Setting Realistic Expectations For SEO ClientsMar 20, 2011
As more businesses are becoming conscious about the importance of ranking for particular keywords to generate sales or additional revenues, setting realistic expectations for clients is important.
It’s often easier for link building and SEO agencies to work with clients that already have experience building links and understand the importance of on-page optimization, as opposed to working with clients that are new to SEO. Setting realistic expectations for your clients and properly informing them when selling SEO services will not only help build trust, but define the terms and conditions of the business relationship on the first call.
Below are some common questions that many link building and search engine optimization agencies are faced with when working with new clients. As some SEO professionals take the approach of telling potential clients what they’re looking to hear, taking the position of educating and informing prospects by setting realistic expectations early on is key.
Ranking “number one” is a function of how competitive the keyword market is, how many links are currently targeting the keyword, the amount and quality of content promoting the keyword on the site, and how much work you’re looking to put in to enable the potential of ranking competitively for the term.
Link building and SEO agencies making claims of their abilities to rank “number one” for clients is simply a sales tactic. It’s possible, but should never be guaranteed. While the strategy works, asking prospects why they are looking to rank for the term “XYZ” is equally important. Potential clients that are new to SEO may not understand that ranking for “XYZ” may be unrealistic to the way their offer is being presented; geographic location, sales capacity, and most important, budget.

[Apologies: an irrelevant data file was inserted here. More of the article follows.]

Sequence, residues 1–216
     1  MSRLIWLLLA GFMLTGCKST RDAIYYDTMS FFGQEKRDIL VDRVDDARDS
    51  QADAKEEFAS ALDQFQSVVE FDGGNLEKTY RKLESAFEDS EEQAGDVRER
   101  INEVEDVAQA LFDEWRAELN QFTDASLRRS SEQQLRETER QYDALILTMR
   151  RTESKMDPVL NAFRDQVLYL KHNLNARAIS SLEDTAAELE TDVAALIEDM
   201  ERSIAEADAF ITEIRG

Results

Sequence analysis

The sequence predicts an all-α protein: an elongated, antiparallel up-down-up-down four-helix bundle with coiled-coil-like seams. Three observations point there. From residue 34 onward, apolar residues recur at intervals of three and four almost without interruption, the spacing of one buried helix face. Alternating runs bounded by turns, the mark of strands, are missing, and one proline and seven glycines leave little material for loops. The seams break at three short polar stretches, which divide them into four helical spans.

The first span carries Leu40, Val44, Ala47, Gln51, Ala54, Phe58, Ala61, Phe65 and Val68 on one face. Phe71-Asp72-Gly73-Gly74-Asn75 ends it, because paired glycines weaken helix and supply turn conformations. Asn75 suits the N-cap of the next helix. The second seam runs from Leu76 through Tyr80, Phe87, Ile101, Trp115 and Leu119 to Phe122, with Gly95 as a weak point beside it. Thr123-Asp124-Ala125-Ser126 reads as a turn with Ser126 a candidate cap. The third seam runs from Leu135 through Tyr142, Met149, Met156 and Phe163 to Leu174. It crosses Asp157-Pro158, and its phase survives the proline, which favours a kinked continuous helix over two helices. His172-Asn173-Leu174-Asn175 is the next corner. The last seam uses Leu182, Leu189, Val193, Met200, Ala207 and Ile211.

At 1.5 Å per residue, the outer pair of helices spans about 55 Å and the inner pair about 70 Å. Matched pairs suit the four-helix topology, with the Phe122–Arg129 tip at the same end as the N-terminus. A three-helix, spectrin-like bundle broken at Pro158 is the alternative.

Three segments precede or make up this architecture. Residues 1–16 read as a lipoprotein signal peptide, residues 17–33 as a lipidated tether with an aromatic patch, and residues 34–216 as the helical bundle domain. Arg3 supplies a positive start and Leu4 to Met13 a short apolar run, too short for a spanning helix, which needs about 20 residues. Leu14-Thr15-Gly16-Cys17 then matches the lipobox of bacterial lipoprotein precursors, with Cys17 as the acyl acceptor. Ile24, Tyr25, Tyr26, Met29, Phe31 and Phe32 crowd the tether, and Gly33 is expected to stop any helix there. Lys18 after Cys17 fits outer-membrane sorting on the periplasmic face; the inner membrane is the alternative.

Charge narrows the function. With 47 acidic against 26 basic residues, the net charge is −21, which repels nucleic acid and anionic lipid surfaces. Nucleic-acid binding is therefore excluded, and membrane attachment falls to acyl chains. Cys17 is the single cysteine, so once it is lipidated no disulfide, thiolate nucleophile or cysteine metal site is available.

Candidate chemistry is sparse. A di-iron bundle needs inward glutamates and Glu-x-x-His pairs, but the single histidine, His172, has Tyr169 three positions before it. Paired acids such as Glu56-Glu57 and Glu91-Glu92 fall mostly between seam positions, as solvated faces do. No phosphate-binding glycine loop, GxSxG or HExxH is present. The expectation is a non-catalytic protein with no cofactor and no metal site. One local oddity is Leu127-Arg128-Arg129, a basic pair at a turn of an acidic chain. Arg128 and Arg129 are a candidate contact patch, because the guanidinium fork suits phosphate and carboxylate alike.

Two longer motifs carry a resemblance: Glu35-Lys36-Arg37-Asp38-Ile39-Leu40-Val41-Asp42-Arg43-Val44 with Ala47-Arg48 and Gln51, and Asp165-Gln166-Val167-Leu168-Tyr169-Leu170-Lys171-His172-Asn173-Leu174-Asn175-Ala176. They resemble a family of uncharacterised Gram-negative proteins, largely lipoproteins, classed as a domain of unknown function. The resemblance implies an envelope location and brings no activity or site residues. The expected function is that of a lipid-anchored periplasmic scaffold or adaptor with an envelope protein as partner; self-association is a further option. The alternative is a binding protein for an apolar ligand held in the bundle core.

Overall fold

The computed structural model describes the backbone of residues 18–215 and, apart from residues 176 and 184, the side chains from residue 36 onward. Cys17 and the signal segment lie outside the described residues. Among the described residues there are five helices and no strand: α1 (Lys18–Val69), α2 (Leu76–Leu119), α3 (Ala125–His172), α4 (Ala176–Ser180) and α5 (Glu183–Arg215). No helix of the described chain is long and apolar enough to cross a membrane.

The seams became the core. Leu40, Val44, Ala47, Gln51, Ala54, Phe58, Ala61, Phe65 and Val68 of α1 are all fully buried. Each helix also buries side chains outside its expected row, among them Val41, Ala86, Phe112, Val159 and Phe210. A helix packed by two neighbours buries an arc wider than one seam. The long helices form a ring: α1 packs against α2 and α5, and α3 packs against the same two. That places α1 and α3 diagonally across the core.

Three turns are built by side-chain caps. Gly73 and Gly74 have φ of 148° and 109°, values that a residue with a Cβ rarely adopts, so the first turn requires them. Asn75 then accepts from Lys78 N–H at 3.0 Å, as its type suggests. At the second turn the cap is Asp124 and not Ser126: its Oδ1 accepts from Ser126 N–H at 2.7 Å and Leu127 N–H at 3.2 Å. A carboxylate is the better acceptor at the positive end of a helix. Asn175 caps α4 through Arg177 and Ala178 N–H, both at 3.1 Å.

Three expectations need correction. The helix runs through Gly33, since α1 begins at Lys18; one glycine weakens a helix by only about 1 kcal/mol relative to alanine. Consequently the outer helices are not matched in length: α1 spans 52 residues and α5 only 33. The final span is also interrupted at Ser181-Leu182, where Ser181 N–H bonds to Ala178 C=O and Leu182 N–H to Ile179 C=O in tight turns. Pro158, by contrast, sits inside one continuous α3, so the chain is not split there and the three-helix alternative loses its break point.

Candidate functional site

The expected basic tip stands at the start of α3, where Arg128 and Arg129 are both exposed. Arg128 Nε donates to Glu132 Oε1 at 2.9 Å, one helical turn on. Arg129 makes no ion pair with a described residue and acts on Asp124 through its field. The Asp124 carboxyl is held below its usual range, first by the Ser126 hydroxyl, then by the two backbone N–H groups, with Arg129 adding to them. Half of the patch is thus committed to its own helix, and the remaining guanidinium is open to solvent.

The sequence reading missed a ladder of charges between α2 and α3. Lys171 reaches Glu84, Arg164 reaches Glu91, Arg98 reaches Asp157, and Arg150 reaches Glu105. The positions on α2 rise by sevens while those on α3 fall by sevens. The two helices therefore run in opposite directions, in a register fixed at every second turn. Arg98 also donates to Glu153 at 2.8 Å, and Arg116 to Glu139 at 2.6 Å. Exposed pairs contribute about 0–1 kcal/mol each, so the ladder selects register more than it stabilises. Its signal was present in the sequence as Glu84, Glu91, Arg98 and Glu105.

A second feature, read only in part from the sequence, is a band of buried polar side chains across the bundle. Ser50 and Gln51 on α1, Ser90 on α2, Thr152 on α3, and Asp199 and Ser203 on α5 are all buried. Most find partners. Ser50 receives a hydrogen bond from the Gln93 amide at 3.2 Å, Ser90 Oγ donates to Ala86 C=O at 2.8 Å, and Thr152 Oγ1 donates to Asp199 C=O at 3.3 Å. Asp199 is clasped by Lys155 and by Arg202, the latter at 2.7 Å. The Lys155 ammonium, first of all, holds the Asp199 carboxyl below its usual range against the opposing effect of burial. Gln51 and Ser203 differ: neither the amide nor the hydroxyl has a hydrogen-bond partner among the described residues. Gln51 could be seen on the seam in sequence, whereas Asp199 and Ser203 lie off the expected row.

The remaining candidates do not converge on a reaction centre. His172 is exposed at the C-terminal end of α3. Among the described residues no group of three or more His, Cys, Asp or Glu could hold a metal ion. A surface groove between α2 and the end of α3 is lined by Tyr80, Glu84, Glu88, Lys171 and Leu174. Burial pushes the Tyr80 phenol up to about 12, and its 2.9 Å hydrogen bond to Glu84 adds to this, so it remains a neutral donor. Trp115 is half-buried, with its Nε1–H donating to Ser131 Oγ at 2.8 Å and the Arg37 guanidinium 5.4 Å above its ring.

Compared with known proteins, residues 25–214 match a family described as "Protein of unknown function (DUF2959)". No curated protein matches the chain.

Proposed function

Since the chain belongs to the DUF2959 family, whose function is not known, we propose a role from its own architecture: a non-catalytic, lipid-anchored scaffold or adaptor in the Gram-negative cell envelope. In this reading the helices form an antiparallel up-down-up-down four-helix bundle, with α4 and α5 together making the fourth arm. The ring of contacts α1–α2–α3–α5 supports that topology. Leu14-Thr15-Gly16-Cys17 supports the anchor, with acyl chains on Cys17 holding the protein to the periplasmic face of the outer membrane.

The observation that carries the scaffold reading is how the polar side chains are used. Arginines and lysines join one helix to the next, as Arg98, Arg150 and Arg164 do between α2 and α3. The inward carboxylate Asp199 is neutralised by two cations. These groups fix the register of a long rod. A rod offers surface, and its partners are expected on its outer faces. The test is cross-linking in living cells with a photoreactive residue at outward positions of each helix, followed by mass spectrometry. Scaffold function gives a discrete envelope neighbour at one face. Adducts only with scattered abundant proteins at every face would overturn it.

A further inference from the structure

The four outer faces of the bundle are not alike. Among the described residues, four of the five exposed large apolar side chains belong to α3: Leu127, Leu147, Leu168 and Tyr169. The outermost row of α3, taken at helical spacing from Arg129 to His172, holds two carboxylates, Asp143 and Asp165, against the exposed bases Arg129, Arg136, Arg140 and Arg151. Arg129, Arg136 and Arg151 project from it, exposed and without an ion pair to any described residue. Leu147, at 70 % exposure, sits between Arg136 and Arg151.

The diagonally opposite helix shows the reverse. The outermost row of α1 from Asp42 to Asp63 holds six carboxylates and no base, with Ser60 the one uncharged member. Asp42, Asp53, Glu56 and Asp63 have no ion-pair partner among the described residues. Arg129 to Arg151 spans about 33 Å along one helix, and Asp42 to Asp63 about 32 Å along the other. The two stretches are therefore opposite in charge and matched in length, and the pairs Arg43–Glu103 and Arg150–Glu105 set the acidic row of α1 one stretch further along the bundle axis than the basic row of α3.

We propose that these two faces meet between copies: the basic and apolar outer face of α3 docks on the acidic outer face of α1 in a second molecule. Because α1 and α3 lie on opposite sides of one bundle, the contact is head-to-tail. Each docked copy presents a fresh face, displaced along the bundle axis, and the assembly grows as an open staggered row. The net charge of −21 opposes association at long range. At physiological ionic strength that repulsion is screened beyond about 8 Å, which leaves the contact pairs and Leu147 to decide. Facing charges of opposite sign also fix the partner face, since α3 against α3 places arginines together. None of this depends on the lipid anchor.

When potential clients are focused on “how long will that keyword take to rank”, be careful. Recent algorithm changes, the likelihood of competition becoming more aggressive, and not continuing link building efforts after ranking has been achieved are important items that should be disclosed to prospects.
The short answer to that question will always be affirmative. However, learning more about the company and the infrastructure of their website is critical. Was the site coded in HTML or any of the other various CMS’s?
This can be a great segue into learning more about how the site is currently being optimized. There may be additional consulting and on-page optimization opportunities which should be addressed prior to link building.
Most clients new to SEO will understand and appreciate how content strategies and on-page optimization will help rank for desired keywords in conjunction with link building. Clients that do not wish to publish fresh, targeted, and compelling content on old, outdated, and poorly designed websites (visual / code) may become problematic if suggestions for improvement are not disclosed prior to link building.
There’s nothing wrong with taking the à la carte approach to link building as some clients may be focused on promoting a small set of keywords with corresponding URL’s. Many US agencies require contracts or long term working agreements in order to “show results to clients”. From a predictable cash flow perspective, the requirement holds ground.
Explaining to potential clients that one-time link building packages are a “waste of money” or may “hurt your site” over the long term is a common scare tactic used to influence the client into working with the agency long term.
Every client has different needs when it comes to SEO and link building services. Some clients have websites that require regularity when building links (internal / external) in order to remain competitive from a search engine perspective.
Link building over a longer period of time may be recommended to achieve results in competitive niches. That same client may wish to engage another agency in “one-time” or transactional business to focus strengthening a particular area of their website. It’s not uncommon for higher-end prospects to utilize multiple service providers.
There’s nothing wrong with shutting the door on transactional link building from a business perspective, but informing potential clients that it’s “worthless” or may “permanently damage” the site is wrong.